Just one exit up Highway 80 from Hercules, where I live, is the little town of Rodeo, California. Passing through Rodeo, population 8600, give or take, you get the sense of a town that’s just trying to hold on; a sort of sad charm that characterizes many American small towns.
Like many small towns it has a well worn, neighborly feel, home to generations of families that all seem to know each other. They attended the same elementary school and high school, shop at the Safeway on the western edge of town and share after work drinks at Ricky’s Corner, the little dive bar on the eastern end of the main drag.
Ricky’s is like any proper dive bar; dark, unpretentious, amiable and frequented by regulars who’ve been going there for years. The bartender asks how the family is doing, what about that son who’s off to college or the daughter on the John Swett High volleyball team. Meanwhile as she chats, she slides a wooden salad bowl full of pretzels in front of you to go with your shot and a beer. No big screen TV here, just a small set perched above the bar playing sports or news.
There’s a Little League ballfield named after baseball Hall of Famer Lefty Gomez one of the little town’s favorite sons. Every September the crack of the bat and pop of ball on leather are replaced by the hawking of chili and the admiring murmurs of car aficionados; it’s the annual Chili Cook Off and Car Show. Cora and I tasted the offerings a couple years back and they weren’t bad. Mine’s better but doesn’t that leave it to me to put up or shut-up?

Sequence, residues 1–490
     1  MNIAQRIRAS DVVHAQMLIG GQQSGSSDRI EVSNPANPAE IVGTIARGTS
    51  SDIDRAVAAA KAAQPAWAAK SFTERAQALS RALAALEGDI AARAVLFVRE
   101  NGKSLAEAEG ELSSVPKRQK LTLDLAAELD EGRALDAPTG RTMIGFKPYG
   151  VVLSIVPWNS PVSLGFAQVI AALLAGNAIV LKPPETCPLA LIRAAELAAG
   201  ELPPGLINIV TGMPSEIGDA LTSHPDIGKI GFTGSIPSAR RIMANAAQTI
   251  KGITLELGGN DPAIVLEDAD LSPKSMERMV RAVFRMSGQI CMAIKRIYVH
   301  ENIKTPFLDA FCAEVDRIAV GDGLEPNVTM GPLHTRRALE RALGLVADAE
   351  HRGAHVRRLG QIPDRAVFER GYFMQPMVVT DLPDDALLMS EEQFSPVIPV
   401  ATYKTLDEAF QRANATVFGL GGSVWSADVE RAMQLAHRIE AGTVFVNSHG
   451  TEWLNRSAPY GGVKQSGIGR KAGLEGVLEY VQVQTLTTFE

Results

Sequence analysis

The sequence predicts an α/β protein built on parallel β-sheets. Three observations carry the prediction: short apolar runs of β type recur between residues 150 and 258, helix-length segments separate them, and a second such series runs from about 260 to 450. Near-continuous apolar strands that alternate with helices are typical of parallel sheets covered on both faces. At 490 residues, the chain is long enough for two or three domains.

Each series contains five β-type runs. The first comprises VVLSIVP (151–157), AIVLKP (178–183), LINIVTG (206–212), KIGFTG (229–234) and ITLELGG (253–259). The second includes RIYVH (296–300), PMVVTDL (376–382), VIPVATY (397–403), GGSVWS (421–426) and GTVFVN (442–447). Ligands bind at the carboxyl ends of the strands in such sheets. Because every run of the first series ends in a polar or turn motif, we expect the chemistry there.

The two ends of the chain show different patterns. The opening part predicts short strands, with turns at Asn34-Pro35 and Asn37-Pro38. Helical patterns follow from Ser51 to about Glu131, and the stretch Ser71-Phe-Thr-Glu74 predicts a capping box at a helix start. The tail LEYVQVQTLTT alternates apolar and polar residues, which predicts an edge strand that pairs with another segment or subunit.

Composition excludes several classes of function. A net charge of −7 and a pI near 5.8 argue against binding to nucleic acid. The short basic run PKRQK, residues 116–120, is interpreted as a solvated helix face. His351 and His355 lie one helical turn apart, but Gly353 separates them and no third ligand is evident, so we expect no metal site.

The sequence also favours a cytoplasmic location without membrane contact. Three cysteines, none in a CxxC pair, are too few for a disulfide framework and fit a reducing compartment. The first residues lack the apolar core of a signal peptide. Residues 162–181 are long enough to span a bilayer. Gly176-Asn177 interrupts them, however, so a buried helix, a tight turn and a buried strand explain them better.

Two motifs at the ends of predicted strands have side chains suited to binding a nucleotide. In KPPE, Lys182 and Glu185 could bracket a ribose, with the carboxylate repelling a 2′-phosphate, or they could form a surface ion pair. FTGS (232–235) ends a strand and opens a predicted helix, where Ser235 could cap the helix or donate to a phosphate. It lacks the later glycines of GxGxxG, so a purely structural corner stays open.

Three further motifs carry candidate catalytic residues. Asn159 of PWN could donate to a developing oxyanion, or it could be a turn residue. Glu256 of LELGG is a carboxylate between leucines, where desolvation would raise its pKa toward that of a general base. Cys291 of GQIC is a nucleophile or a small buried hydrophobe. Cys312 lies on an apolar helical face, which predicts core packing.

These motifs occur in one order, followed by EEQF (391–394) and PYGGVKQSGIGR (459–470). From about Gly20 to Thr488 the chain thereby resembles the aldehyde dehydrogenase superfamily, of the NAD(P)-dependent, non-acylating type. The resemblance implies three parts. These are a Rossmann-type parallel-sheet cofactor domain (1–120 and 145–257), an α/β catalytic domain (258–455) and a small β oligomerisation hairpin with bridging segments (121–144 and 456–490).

This year I kept the cook pot in the cupboard and once again saved the chili chefs the ignominy of getting beat out by the newcomer from the neighboring town. This year I went to cook up some photos.
And it just so happened that my granddaughter Luciana was performing with her Hawaiian dance troupe.
The photography wasn’t looking very promising until I noticed that symbol of classic big American cars – the chrome. Vintage American cars were built big, built heavy and built with chrome and plenty of it; hubcaps, hood ornaments, bumpers and badges. And there in the hubcap of a Chevrolet was reflected a powder blue 50’s Ford F-100 truck. The day’s theme was found.
And so I strolled among the cars looking for chrome. There was no shortage. That was particularly true of the front end of a black Cadillac which beautifully displayed the impression of green grass, blue sky and streaking clouds – on four levels.
It’s a beautiful car, that Caddie and well preserved. While the owner might not appreciate a photo showing up the road nicks on the bumper I thought they made for a great effect. They appear as a streaking galaxy of stars in the blue sky.
Below: In the shiny hubcap of a black 1940 Ford was the reflection of an orange sibling.
Below: A quadruple reflection. A closer look at the black Ford revealed reflections of the 1940 Ford coupe in the hubcap, the front fender, the chrome headlamp frame and the headlamp itself.
Below: Clouds streak through a blue sky in the hubcap of a Chevy.
Below: Green grass and a cloud smeared blue sky in a Chevy.
Below: The same view only in monochrome. The subject does deserve one vintage looking image.
I saw one lowrider at the show. It was a Cadillac with some gorgeous artwork over the wheel well. While this isn’t exactly in keeping with my original notion of reflections it still is a reflection. A reflection of beautiful art.